"The record reveals some conflict as to who, at the time of the crime, June 9, 1961, owned this 1949 Ford car. According to the pink slip, Ketchel, the owner, transferred the car to H. B. Sears on June 8, 1961, but in subsequent talks with the police H. B. Sears maintained that he did not buy the car from Ketchel until June 11, 1961. On Monday, June 12, 1961, H. B. Sears took the slip to the Department of Motor Vehicles for transfer.

"This 1949 car apparently was damaged at the scene of the shooting; one bullet pierced the windshield and another [71 Cal. 2d 382] struck and dented the left rear door. The police officers who, on the night of the crime, stopped the car, did not notice the damage to the windshield but did see the dented rear door. H. B. Sears admitted that on Saturday, June 10, he and Ketchel changed the windshield and that, a few days later, he painted the car with a white primer.

"Ketchel and H. B. Sears were arrested in Whittier on June 15, 1961. Ketchel voluntarily confessed his part in the crimes but H. B. Sears denied all involvement, maintaining that during the entire evening of June 9 he had been with his girl friend or with his brother Tommy, and had spent a good deal of the time at a bowling alley.

"Thomas Sears was apprehended in Phoenix, Arizona, and on June 17, 1961, three California police officers visited him in jail there. At that time he voluntarily made a confession setting forth in some detail the circumstances of the robbery and murder. He stated that H. B. Sears, Ketchel and he had decided on the afternoon of June 9, 1961, to rob a small market. They 'cased' the area near their apartment and finally selected the Star Market. H. B. Sears drove the car and about 8:30 p.m. parked on Alhambra Street near the market. Thomas Sears and Ketchel, both carrying guns, left the car, entered and robbed the market. While walking through the parking lot toward the alley leading into Alhambra Street, they heard the shots fired in their direction; they started running. In the fracas Thomas Sears saw Ketchel lean against a tree and thought he had been shot. Meanwhile Thomas Sears saw a bullet strike the waiting 1949 car, and, thinking that the man firing was trying to shoot his brother, H. B. Sears, in the car, Thomas Sears returned the gunfire, emptying his gun. Thomas Sears then entered the car with his brother H. B. Sears, and they drove from the scene, leaving Ketchel on his own in the street. Later the three met and divided the money (some $954).

"The Los Angeles police officers returned with Thomas Sears to Los Angeles. On June 18, 1961, Ketchel, Thomas Sears and H. B. Sears were brought together in a room of the Los Angeles Sheriff's substation. Three police officers interviewed them for about 20 minutes and then left them alone in the room. The three men discussed the crime; a tape recording was made of their conversation; one of the police officers heard their talk through a loud speaker which was part of the recording equipment. In the conversation, Ketchel said, 'I copped out to my part. I copped out to nothing else. They got me cold.' H. B. Sears then said, 'I've been holding out ... I [71 Cal. 2d 383] didn't know what the hell this was all about. I been holding out on account of you guys. I don't know what this is all about.' Ketchel retorted, 'I'm dead ... Somebody's going to get gassed.' H. B. Sears replied, 'All right. You guys go on. Sign your statement. Get gas. But I've been holding out because I don't know what's going on. They said you killed a man. Well, I didn't kill nobody.' As the conversation progressed, Thomas Sears said, 'I know you didn't. I told them the truth. I did it man.'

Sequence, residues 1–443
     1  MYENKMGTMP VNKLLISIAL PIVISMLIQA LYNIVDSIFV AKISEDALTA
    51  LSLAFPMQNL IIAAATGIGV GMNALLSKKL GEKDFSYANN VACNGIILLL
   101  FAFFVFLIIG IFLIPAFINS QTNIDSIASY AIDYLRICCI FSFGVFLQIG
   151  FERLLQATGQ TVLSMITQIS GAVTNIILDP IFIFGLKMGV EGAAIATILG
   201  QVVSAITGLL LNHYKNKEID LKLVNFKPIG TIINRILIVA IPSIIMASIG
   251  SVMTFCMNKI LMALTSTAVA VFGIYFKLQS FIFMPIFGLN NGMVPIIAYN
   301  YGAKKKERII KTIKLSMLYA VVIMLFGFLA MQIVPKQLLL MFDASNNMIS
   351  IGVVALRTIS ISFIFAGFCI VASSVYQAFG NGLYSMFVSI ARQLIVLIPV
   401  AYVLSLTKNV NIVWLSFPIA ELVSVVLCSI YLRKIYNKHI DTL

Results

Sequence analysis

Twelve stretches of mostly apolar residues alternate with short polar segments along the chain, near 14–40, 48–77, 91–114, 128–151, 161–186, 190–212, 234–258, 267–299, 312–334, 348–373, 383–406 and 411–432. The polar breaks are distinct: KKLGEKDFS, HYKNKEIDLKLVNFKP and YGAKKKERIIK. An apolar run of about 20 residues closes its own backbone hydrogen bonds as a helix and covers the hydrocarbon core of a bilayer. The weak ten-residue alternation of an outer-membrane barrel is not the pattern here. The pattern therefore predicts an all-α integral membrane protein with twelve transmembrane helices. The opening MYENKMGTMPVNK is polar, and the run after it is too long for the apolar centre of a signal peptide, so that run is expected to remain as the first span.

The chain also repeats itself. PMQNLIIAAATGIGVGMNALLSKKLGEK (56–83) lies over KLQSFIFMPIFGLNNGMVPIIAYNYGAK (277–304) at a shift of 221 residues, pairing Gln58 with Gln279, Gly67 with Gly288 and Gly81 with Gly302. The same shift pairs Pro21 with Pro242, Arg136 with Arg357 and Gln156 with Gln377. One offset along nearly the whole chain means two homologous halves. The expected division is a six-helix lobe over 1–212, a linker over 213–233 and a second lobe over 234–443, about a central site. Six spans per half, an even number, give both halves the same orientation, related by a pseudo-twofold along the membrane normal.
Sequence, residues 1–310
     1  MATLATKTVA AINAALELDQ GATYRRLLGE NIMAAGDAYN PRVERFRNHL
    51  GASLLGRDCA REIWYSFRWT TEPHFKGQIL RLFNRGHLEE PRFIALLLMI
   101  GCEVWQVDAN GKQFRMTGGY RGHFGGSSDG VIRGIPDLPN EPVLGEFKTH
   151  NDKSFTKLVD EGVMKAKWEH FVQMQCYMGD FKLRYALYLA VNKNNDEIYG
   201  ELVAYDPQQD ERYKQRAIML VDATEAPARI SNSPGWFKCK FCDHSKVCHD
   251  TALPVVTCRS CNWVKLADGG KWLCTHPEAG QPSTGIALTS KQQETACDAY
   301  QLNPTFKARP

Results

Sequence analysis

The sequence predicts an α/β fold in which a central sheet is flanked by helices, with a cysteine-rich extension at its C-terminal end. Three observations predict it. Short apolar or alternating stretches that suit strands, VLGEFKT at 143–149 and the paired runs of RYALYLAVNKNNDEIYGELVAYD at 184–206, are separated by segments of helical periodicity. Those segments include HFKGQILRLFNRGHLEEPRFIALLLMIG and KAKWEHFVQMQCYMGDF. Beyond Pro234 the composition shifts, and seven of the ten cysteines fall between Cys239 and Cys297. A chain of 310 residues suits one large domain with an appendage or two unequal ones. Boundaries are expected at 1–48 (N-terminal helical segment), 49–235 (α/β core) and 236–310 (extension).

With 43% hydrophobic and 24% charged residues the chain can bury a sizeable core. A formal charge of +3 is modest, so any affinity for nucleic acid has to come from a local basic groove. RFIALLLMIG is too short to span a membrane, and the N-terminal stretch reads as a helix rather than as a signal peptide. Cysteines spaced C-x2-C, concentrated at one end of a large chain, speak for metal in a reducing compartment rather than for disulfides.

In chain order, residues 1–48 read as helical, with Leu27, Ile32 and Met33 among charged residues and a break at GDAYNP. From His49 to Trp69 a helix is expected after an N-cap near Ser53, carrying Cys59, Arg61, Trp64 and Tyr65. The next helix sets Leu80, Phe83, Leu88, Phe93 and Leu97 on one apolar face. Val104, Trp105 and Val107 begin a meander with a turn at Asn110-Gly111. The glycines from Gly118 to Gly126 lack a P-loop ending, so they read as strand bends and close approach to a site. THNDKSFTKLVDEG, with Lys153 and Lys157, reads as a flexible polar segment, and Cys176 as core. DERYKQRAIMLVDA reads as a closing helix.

"At the trial H. B. Sears testified in his own defense. He stated that in the evening of June 9, 1961, he arranged to meet a couple of girls at a bowling alley. While he was driving there with his brother, they were stopped by the police about 9:30 p.m., the car was searched, and after some 10 minutes checking they were released. Both then returned to their apartment, left the car, and proceeded by taxi to the bowling alley; since the girls did not come they returned about midnight to their apartment." (59 Cal.2d at pp. 514-517.)

The trial court instructed the jury that it could not consider the confession of Thomas Sears in determining the guilt or innocence of H. B. Sears. The jury returned a verdict finding defendant and his codefendants guilty of first degree murder and first degree robbery. This court affirmed the judgment against defendant.

The Attorney General concedes that "in light of Bruton v. United States, 391 U.S. 123 [20 L. Ed. 2d 476, 88 S. Ct. 1620] (1968), the use of Thomas Sears' confession without affording to petitioner the opportunity to cross-examine him, denied to petitioner his federal constitutional right of confrontation" and that "Roberts v. Russell, 392 U.S. 293 [20 L. Ed. 2d 1100, 88 S. Ct. 1921] (1968), permits him to raise this question notwithstanding the fact that his conviction became final in 1963." Nevertheless the state argues that the People have proved "beyond a reasonable doubt" that the introduction of defendant's brother's confession at their joint trial did not contribute to the verdicts obtained against defendant (Chapman v. California (1967) 386 U.S. 18, 24 [17 L. Ed. 2d 705, 710, 87 S.Ct. 824]).